No Way January 14, 2010 at 3:48 pm

Everytime a country is weak, the americans come and try to impose their culture… but guess what? Haiti already has a VERY RICH culture, the US are NOT the government! They can help but they cannot decide for the Haitian government!

I’m an American and I don’t want to impose anything on Haiti other than a blockade to make sure that we don’t get an invasion of boat people.

Valentine Joseph January 14, 2010 at 4:19 pm

No Way, you are one piece of work. Your nativism is showing and its despicable

Rick January 14, 2010 at 4:26 pm

Obama should write a check for ten billion, give it to the U.N. General Assembly and let them deal with the situation — with a P.S. of ‘The U.S.A. is not longer in the “save the world” business.

sgi January 14, 2010 at 4:45 pm

Haitian immigrants are a significant source of crime in Canada and the US so I don’t think that accepting large numbers of Haitians as refugees into either country is going to fly. At least it won’t with this Canadian.

Aid and professional administration of the country and it’s democratic institutions are paramount probably for the long term.

zbicyclist January 14, 2010 at 5:35 pm

What miracles of improvement did the American occupation between WW1 and WW2 accomplish?

MadMichaelJohn January 14, 2010 at 7:02 pm

A. Invite France to deport ALL of their muslims and replace them with catholic Haitians. Can’t be too much worse that what they have going now. France, and Haiti.
B. Annex Haiti as French Puerto Rico ( or Quebec Puerto Rico) , and no emigration with out literacy. If they want to leave, then they must be literate. Build 10,000 Peace Corp schools and staff them for 15 years or 25 years. Terrace the hills for farming and to reduce erosion, by day, with adult labor and send them to the schools half “days”, at night. Build roads, and tourist traps on all the good beaches. When literacy hits 90-95% of those over 14, referendum every 2 years till you get the same result 3 times in a row.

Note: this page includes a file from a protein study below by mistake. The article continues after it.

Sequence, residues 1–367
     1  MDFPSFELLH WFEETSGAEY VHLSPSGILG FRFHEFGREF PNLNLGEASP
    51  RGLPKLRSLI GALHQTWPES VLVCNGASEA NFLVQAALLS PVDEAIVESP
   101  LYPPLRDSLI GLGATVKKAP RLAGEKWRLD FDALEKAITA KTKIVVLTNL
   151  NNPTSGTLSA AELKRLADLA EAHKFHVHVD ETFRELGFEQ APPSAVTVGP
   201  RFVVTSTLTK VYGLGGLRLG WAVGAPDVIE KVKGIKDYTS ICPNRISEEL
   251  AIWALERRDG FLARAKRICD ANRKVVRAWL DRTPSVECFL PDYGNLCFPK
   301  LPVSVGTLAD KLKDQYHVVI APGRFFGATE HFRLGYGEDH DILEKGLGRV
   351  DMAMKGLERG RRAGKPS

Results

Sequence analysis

anonymous January 14, 2010 at 7:54 pm


Is there any scenario in which the survivors, twenty years from now, are better off, compared to the quake never having taken place?

Sure, why not? Arguably, part of the reason Britain stumbled so badly in the post-war decades was that not enough of its existing outdated factories and infrastructure were bombed in WWII.

MarkJ January 14, 2010 at 9:10 pm

“If it rolls that way, it’ll probably be easier and cheaper to annex and administer Haiti as a US territory or a US state. If. I doubt that this has political viability.”

Indeed, there ain’t a chance in hell of a “State of Haiti.” Do the think the GOP, understandably, would countenance the creation of a Haitian “state” that will almost inevitably elect an all-Democrat congressional delegation? Imagine two more Donk senators and as many as 14 more Donk representatives (many of them flat-out Marxists). Any attempt to add Haiti as the 51st state would be met by armed resistance–not by Haitians but, rather, by pissed-off Americans.

I daresay Haitian statehood would go over like a fart in church, n’est-ce pas?

Bob Morris January 14, 2010 at 10:14 pm

Hey, do Haitians get any say in whether we take over their country? Judging from some of the comments here, apparently not. Clearly, we know what’s best for them.

That’s worked out really well in Iraq, Afghanistan, and Pakistan, hasn’t it?